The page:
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"Revolutionary, a whole universe in itself..."
What early readers are saying about this book
Fascinating ... Deep ... Powerful ... Honest ... Intense ... Original ... Authentic!
A fascinating tangle of important themes
Spirituality, mysticism, marriage, multiculturalism, psychology, existentialism ... all of them are discussed in this book.

Look at the selections under the drop-down menu above: wherever you look you will find something deep, shimmering, something that draws you further into the tangle.

The more you read, the more you will want to read, and the more you will want to look at the powerful artworks, and the more you will want to think!
A whole list of FIRSTS!
This 350-page eBOOK is a FIRST in many ways: It is the FIRST serious art book to talk about the deeper, richer possibilities of art in the period after the postmodern. It is the FIRST serious art book to weave together the serious themes it treats: religion, mysticism, psychology, art criticism, philosophy. It is the FIRST serious art book to study the art of one artist in "layers": the Surface layers, then the Deeper layers. It is the FIRST serious art book to be published electronically BEFORE it is published in print.
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Browse a representative selection of pages from the book
Page through this short form of the book. Read the PREFACE, and then browse the Table of Contents which is reproduced in full right afterward. click here
Art, Spirituality, and Religion
What is the difference between "religion" and "spirituality"? It is that religion is associated with an authority structure, while spirituality is not. In the case of western religions, the authority structure started out being the state itself: the temple states of the ancient near east, and the Church as it rose out of the ashes of the Roman Empire. And western religions are all attached to sacred texts and dogmas.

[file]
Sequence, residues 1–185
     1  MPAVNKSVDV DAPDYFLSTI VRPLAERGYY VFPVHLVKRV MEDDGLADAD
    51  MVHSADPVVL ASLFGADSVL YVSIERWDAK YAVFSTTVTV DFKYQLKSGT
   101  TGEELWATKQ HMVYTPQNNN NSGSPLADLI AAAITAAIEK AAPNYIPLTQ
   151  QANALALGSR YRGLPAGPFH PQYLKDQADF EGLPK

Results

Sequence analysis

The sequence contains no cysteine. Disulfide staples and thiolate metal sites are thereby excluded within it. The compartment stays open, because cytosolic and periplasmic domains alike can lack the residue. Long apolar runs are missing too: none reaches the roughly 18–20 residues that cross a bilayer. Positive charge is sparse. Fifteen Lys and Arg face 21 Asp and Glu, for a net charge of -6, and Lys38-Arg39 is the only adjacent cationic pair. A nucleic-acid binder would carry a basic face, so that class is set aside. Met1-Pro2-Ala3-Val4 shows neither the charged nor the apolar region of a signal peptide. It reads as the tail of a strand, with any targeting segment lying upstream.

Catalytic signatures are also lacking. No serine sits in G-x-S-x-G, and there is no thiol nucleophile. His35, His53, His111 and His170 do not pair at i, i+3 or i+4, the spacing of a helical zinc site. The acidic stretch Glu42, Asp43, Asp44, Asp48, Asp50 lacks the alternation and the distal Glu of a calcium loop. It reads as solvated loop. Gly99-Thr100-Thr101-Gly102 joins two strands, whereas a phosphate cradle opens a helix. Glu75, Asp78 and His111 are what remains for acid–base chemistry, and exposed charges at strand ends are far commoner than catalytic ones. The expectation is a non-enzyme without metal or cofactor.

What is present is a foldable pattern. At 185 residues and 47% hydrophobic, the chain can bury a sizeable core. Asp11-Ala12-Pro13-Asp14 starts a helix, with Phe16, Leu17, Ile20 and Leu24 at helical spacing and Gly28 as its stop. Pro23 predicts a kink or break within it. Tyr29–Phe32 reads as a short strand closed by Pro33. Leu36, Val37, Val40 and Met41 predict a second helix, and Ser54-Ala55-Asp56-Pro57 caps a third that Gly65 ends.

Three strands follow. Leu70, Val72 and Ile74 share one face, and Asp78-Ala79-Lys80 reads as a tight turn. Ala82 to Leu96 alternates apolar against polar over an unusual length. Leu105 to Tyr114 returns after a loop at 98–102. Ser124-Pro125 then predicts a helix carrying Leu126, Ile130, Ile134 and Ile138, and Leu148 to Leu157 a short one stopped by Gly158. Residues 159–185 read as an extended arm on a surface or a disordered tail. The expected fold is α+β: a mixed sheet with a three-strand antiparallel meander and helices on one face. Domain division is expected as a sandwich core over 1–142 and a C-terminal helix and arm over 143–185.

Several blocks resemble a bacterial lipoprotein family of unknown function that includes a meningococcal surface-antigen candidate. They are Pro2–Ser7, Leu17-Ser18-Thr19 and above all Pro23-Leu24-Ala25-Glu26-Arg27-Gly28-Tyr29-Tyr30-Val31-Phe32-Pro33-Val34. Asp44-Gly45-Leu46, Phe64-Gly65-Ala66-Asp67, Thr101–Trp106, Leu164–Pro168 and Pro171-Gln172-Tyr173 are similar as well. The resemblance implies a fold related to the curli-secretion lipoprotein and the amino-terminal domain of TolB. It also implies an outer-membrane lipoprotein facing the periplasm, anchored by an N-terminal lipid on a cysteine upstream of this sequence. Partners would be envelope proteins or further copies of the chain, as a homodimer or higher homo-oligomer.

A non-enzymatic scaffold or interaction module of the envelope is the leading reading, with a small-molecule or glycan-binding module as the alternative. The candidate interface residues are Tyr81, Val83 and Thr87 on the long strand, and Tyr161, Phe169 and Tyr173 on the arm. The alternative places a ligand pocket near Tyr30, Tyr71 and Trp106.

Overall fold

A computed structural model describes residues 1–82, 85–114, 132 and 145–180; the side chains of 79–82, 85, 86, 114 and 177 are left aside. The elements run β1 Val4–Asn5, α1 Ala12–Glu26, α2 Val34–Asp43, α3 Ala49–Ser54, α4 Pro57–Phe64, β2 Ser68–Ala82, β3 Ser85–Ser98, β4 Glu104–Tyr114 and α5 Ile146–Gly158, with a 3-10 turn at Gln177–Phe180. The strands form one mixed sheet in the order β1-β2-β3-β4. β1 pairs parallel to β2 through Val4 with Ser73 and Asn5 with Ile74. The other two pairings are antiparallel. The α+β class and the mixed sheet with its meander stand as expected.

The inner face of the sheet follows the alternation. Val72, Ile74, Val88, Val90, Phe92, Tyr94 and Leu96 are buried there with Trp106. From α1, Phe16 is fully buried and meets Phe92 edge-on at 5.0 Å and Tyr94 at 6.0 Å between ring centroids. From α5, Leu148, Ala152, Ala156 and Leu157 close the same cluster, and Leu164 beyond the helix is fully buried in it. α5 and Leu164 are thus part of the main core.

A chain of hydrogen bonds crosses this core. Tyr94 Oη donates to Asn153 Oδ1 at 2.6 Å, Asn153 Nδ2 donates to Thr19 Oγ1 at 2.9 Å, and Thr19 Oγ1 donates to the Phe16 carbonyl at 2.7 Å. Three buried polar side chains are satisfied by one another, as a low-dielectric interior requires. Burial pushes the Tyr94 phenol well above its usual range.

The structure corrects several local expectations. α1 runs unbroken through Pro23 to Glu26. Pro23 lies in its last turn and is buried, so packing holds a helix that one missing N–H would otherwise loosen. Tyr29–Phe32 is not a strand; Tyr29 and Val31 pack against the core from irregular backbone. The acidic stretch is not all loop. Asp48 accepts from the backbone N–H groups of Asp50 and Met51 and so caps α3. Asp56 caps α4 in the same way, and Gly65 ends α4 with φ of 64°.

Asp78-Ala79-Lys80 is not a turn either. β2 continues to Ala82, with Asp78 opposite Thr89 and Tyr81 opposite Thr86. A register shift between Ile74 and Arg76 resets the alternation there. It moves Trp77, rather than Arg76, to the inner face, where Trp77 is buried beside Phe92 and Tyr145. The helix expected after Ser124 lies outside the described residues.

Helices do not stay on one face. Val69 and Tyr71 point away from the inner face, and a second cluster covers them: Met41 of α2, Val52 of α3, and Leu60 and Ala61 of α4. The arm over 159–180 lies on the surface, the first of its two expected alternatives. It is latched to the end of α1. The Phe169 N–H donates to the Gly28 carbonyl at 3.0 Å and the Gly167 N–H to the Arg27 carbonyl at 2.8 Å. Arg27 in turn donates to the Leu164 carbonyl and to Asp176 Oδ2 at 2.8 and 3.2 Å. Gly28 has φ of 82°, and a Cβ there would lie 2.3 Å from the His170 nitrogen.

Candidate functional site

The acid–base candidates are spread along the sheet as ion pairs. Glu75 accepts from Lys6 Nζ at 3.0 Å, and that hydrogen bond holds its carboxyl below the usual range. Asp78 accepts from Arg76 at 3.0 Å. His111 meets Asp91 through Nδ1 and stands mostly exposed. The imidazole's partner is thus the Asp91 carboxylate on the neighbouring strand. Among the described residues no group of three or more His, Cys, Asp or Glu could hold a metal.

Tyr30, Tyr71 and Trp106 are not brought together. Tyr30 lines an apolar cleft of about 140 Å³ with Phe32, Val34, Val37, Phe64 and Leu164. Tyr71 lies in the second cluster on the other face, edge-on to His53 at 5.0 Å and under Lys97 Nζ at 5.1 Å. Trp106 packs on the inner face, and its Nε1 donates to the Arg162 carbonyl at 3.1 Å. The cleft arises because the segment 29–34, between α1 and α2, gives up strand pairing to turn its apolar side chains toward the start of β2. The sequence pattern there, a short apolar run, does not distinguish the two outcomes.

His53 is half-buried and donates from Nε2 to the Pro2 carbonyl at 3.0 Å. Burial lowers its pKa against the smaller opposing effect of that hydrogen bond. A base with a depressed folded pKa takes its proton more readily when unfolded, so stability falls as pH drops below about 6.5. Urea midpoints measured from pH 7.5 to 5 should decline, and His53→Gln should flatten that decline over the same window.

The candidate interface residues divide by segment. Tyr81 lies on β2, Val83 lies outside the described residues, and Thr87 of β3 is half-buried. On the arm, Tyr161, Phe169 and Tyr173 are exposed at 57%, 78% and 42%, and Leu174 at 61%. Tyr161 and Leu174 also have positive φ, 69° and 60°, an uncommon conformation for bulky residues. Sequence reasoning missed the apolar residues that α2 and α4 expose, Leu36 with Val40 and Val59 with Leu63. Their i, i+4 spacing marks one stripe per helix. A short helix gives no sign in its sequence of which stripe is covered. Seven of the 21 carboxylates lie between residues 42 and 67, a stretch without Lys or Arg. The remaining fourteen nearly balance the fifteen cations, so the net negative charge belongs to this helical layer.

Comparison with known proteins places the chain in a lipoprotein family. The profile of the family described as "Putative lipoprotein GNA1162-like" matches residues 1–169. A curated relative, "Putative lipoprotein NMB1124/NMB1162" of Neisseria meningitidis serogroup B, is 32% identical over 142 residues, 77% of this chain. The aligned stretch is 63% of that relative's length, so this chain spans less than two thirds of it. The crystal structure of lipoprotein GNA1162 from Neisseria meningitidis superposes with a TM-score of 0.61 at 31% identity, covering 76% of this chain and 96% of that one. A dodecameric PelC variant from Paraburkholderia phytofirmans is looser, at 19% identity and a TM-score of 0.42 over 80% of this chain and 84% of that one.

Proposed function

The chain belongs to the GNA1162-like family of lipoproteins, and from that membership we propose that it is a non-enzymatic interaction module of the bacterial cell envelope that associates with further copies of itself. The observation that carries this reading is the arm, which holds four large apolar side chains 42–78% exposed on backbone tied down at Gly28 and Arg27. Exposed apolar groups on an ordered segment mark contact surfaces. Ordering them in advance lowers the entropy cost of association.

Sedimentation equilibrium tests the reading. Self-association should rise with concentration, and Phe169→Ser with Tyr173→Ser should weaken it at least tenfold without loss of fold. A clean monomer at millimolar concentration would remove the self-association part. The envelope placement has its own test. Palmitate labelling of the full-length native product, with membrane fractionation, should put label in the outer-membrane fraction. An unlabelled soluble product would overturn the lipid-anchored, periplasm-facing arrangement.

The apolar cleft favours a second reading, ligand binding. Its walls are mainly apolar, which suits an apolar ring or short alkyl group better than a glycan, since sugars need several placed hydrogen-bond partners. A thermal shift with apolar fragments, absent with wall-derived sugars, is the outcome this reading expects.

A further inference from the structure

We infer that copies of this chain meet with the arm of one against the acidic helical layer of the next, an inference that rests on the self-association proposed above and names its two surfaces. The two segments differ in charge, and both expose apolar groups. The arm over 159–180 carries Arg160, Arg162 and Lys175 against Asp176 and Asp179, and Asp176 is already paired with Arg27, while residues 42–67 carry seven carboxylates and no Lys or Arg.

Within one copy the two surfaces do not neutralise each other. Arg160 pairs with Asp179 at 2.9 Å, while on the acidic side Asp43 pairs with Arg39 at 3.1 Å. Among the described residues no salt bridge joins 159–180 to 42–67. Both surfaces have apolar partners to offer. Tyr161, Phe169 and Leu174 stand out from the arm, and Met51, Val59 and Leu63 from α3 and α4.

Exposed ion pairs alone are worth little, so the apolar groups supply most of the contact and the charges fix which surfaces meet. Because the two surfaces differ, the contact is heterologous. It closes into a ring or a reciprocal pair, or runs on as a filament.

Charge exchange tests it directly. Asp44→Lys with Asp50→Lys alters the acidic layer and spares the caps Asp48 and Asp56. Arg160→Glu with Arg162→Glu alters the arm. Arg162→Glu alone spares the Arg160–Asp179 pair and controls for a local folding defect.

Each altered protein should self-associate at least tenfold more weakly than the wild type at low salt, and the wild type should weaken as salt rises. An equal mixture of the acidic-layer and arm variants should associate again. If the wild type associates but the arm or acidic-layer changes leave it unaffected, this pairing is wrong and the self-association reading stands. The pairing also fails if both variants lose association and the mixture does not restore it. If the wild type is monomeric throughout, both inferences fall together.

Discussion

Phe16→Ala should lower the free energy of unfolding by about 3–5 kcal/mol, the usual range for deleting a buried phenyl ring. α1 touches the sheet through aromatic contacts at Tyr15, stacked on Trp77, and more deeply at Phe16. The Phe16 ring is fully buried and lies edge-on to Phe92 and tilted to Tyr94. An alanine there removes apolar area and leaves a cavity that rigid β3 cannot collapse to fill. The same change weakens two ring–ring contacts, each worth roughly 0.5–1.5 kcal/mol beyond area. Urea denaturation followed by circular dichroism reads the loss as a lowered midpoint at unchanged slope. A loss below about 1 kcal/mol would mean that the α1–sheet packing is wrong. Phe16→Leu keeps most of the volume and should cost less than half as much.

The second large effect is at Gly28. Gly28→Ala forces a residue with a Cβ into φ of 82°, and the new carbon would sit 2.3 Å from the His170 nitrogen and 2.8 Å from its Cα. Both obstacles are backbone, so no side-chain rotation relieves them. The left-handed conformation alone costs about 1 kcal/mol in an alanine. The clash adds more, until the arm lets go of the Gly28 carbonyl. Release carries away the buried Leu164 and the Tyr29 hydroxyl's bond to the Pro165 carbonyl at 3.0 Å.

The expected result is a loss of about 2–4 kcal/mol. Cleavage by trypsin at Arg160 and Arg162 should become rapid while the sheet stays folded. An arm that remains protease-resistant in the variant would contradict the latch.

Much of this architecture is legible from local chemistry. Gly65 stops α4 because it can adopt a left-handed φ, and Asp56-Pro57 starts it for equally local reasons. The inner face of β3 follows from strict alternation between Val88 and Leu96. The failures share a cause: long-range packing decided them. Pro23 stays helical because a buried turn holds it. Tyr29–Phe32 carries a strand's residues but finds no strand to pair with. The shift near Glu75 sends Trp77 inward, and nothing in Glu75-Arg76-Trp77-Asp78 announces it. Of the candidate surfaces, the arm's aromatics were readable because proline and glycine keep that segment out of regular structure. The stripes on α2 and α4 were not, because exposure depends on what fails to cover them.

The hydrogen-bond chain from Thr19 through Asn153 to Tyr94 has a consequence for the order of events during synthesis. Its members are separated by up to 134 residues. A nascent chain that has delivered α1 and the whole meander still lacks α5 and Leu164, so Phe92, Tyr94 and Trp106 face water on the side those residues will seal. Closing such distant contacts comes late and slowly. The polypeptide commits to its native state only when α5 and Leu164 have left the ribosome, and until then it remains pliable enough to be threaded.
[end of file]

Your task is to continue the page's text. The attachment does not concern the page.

The whole point of "spirituality" is that it rejects authority structures. This puts it in danger of becoming cheap and low quality. While "religion" tends to be inherently aligned with the past, "spirituality" is not: its relationship with history is quite different, because it gives greater importance to the present and to the future.

Art has made a progression of its own over the course of its history away from authority structures, towards something else. Centripetal Art is a kind of spiritual art, but it is very conscious of history. It is anti-authoritative, but it has the courage to believe in universal values which appeal to viewers of different cultures and backgrounds. READ MORE
Art and Multiculturalism
Is it really possible for art to transcend cultural boundaries? As the world becomes progressively globalized, individual artists absorb and reflect influences from more than one culture. But there is a big difference between studying the influences on a particular artist and studying the impact that artist's work has on viewers from different cultures.